Former NASCAR crew member runs music shop in western Rowan County

Published 12:00 am Sunday, August 24, 2014

CLEVELAND — Rowdy Cannaday was tired of driving out of town just to find valve oil for his trumpet.
So when he lost his job in the racing industry during widespread layoffs, Cannaday decided to use the skills he learned while growing up in his father’s music store to open his own shop in western Rowan County.
Now, he just has to walk out his back door for valve oil. High Note Music at 275 Bear Poplar Road has sold and rented school band instruments for four years.
Cannaday and his wife Diane own and operate the shop, one of three places in Rowan County that both professional musicians and parents of budding music students can find what they need. The Band Attic in Spencer and Guitars USA in Salisbury are new, and Music N’ More has shops that rent and sell band instruments in Concord and Mooresville.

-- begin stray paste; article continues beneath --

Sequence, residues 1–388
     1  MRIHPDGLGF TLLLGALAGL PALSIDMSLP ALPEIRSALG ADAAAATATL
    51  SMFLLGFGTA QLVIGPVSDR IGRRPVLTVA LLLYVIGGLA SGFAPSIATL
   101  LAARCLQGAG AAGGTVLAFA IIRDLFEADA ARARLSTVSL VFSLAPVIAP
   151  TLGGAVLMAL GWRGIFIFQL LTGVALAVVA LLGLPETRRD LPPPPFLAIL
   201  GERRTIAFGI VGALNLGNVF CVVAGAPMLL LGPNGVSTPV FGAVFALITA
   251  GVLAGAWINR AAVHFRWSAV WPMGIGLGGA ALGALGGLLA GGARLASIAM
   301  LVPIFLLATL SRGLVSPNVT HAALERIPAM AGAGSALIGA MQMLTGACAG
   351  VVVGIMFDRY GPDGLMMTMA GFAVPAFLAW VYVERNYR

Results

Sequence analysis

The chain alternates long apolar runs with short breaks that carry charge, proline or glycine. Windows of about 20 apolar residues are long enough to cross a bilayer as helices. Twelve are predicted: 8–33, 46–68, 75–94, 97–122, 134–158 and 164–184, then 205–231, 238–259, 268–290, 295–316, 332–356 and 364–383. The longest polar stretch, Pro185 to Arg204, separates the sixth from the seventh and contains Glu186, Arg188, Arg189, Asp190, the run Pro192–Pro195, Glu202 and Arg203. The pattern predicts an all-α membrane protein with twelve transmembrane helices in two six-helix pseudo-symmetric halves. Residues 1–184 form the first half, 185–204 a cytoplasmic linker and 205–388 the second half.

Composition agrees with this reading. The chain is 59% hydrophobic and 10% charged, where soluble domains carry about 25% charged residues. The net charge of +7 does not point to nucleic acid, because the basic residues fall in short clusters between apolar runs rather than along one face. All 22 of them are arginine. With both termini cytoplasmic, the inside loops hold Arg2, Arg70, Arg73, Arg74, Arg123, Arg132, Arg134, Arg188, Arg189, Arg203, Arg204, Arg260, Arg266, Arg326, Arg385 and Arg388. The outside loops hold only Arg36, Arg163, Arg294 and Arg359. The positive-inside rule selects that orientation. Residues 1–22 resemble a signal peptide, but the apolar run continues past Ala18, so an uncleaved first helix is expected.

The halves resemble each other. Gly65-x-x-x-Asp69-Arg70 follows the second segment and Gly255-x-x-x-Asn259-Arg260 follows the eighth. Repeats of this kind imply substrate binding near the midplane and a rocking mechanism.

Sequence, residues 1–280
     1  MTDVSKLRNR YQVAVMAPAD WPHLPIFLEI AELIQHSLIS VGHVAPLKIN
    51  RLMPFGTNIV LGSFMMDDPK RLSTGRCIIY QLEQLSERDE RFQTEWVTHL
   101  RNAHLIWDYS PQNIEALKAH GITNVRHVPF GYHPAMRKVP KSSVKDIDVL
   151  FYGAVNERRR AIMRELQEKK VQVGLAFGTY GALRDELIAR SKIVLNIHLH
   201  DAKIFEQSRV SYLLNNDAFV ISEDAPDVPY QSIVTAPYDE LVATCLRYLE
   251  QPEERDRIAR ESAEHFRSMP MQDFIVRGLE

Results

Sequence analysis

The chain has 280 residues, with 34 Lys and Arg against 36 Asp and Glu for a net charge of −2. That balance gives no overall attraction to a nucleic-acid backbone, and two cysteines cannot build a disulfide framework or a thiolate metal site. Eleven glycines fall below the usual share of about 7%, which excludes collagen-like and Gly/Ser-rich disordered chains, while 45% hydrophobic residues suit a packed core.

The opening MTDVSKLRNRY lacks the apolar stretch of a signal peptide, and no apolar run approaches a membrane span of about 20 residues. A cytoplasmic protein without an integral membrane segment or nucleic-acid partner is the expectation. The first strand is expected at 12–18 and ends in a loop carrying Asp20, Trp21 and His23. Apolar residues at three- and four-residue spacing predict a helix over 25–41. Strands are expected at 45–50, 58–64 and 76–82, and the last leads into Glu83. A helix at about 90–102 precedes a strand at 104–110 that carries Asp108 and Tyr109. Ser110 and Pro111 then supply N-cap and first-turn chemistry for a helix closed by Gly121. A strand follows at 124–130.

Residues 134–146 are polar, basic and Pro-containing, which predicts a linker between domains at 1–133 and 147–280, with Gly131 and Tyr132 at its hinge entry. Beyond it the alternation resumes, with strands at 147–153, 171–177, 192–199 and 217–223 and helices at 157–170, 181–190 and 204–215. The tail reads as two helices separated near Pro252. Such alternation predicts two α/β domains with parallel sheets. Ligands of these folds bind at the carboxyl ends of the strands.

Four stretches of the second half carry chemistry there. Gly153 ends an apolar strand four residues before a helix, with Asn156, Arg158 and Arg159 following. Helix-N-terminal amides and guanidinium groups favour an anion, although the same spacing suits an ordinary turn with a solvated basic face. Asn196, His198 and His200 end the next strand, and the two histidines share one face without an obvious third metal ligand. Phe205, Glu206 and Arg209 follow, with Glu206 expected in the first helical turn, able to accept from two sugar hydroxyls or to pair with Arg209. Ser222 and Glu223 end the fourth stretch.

High Note is open from 4 to 8 p.m. Monday through Thursday, with weekend appointments available by calling 704-278-0803 or emailing the shop through its website, Emergency repairs are available at other times, and Cannaday prides himself on one of the fastest repair services around, often while the customer waits.
Cannaday grew up in a musical family and learned how to repair instruments while working in his dad’s store in Virginia. He moved to Cleveland 18 years ago and worked as a crew member for several NASCAR teams. A fuel man, he was injured on the job and then laid off in 2007.
While Cannaday was unemployed, his father sent him a set of instrument repair tools and a basic start-up inventory and put him in touch with an instrument rental company. Cannaday began talking to school band directors and set up shop behind his house.
Now a full-time employee at the Freightliner plant in Cleveland, Cannaday handles instruments for West Rowan Middle School and recently completed reconditioning Catawba College’s marching band instruments.
Business has increased every year he’s been open, and Cannaday said eventually he would like to have a storefront.
“We are growing each year, but I prefer to stay small,” he said. “Slow growth builds longevity.”
Customers come from as far away as High Point and Greensboro, and High Note has rented to musicians in South Carolina.
“I’ve been a mechanic for most of my life, and tinkering on horns in my younger years was something to help out,” Cannaday said. “I never considered doing it for a living.”